“That’s a huge 18-point drop since December of 2008, when two-thirds of GOPers said they were likely to support Palin. It also puts her well behind potential rivals Mike Huckabee and Mitt Romney, and a bit behind Newt Gingrich as well,” adds Holland.
The poll also shows how meaningless recent talk of a challenger to Obama from the left is. Regardless of the merits of the act, I had predicted that the tax compromise would be a huge win politically for Obama. The CNN/Opinion Research poll shows not only that the tax compromise didn’t hurt Obama, but that the number of Democrats who support a candidate other than Obama is declining:
According to a CNN/Opinion Research Corporation survey released Tuesday, 78 percent of Democrats questioned in the poll say they want to see Obama at the top of their party’s ticket in 2012, with only 19 percent saying they would prefer someone else as the Democratic presidential nominee. The 19 percent figure is the lowest figure since March, when the question was first asked.
The 2012 Republican primary race could be an interesting one as there are no clear front runners. All the major candidates have major negatives when going before the entire electorate, and some have significant problems even in the GOP. A new Public Policy Polling survey comes as no surprise in showing that Mitt Romney does the worst of the candidates they polled among conservatives. He comes in last at 14% behind Palin (22%) , Huckabee (21%) , and Gingrich (17%) in their polling of who conservatives prefer.
While Palin leads in this survey, earlier this month Public Policy Polling showed Palin’s Republican problem. There are plenty of Republicans who like Palin but they survey identified this problem: “It’s that a lot of the Republicans who don’t like her- in contrast to the Republicans who don’t like Huckabee, Gingrich, or Romney- aren’t willing to hold their nose and vote for her in the general election.”
Both of these polls show what we already suspected–conservatives don’t like Romney and Palin would have serious problems in a general election with even many Republicans defecting to Obama. It’s too early to say if this is part of a trend, but the Republicans might have an even more difficult time if Obama continues to improve in the polls. Politico, perhaps prematurely, reports on Obama Rebounding. This is based upon a CNN/Opinion Research Corp. poll which shows that 55 percent of Americans believe the countrywould head in the right direction under policies proposed by Obama. This is up from 49 percent in January, but still below 63 percent which believed this in May, 2009. His approval and disapproval are tied at 48 percent, improved from a disapproval rating of 56 percent in September.
Obama continues to receive more support than members of Congress of either party. Republicans come out the worst, despite their recent victories.The survey found that 44 percent of Americans believe Republican policies would lead the country in the right direction compared to 51 percent who believe their policies would move us in the wrong direction. Policies of Congressional Democrats were supported by 48 percent.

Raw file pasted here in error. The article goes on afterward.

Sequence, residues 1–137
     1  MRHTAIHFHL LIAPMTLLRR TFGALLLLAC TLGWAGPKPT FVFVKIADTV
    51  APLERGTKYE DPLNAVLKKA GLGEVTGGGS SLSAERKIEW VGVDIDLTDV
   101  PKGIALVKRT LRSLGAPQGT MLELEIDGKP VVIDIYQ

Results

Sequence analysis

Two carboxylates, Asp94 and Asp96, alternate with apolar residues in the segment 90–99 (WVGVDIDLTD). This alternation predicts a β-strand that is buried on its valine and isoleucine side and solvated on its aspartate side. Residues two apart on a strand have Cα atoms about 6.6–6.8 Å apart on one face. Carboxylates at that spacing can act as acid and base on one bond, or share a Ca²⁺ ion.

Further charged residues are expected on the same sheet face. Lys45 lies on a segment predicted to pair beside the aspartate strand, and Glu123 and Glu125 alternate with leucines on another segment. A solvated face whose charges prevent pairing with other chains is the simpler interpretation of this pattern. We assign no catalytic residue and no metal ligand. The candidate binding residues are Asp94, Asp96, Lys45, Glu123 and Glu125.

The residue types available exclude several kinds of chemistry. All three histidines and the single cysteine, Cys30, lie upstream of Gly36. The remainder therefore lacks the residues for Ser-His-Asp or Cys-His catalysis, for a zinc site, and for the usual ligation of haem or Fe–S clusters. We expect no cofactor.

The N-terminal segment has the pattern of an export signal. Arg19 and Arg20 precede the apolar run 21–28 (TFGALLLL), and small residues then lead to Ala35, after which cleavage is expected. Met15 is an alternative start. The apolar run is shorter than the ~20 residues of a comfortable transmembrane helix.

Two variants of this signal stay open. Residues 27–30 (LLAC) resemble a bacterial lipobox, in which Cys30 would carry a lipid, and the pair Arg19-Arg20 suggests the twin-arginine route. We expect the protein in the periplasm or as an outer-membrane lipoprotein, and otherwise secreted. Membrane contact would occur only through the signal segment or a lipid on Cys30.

The next two years could work to Obama’s advantage. Polls show that most voters prefer Democratic policies, even if they did not realize they were the Democratic positions. If Obama manages to work out decent compromises with Republicans and provide effective government for two years, most voters will support him. If it turns into battles over policy, actually seeing a contrast between Obama’s positions and those of the Republicans should also gain him more support–provided he doesn’t make any other major blunders such as going back on his primary opposition to the individual mandate. On most issues, an outright battle between the GOP House and Obama could lead to independents and moderates turning out for Obama in 2012 in even greater numbers than in 2008.
I’ve thought it to be somewhat ironic that, after saving the auto industry, Barack Obama saw his party get blown out in this year’s election. Of course, besides the bad economy, that might partially be because Michigan Democrats waged an awful campaign, concentrating on Willie Horton type ads and attacks on governor-elect Rick Snyder for outsourcing while at Gateway.
It has also been a big question as to how much the 2010 election can be taken as predictive of the 2012 election–with history suggesting no meaningful predictive value. A Public Policy Polling survey from Michigan shows that Obama leads most Republicans by double digits. The only exception is Mitt Romney, son of former governor George Romney, who manages to stay within four points due to his ties to the state. My bet is that once Michigan voters realize Mitt Romney is no George Romney this gap will widen.
Compared to the Republican field Obama’s numbers look stratospheric. Only Romney is viewed favorably by a plurality of voters in the state, with 39% holding a favorable opinion to 37% with an unfavorable one. Beyond him the GOP field ranges from slightly unpopular (Mike Huckabee’s 37/40 favorability) to very unpopular (Newt Gingrich’s 28/50), to extremely unpopular (Sarah Palin’s 34/60). What might be most striking for the Republicans beyond Romney is their numbers with independents. Huckabee’s net favorability with them is -14 (29/43), Gingrich’s is -39 (20/59), and Palin’s is -40 (28/68)
In addition to leading the GOP candidates in a hypothetical race, Obama has an approval rating of 50% and is supported by a plurality of independents 47 percent to 44 percent.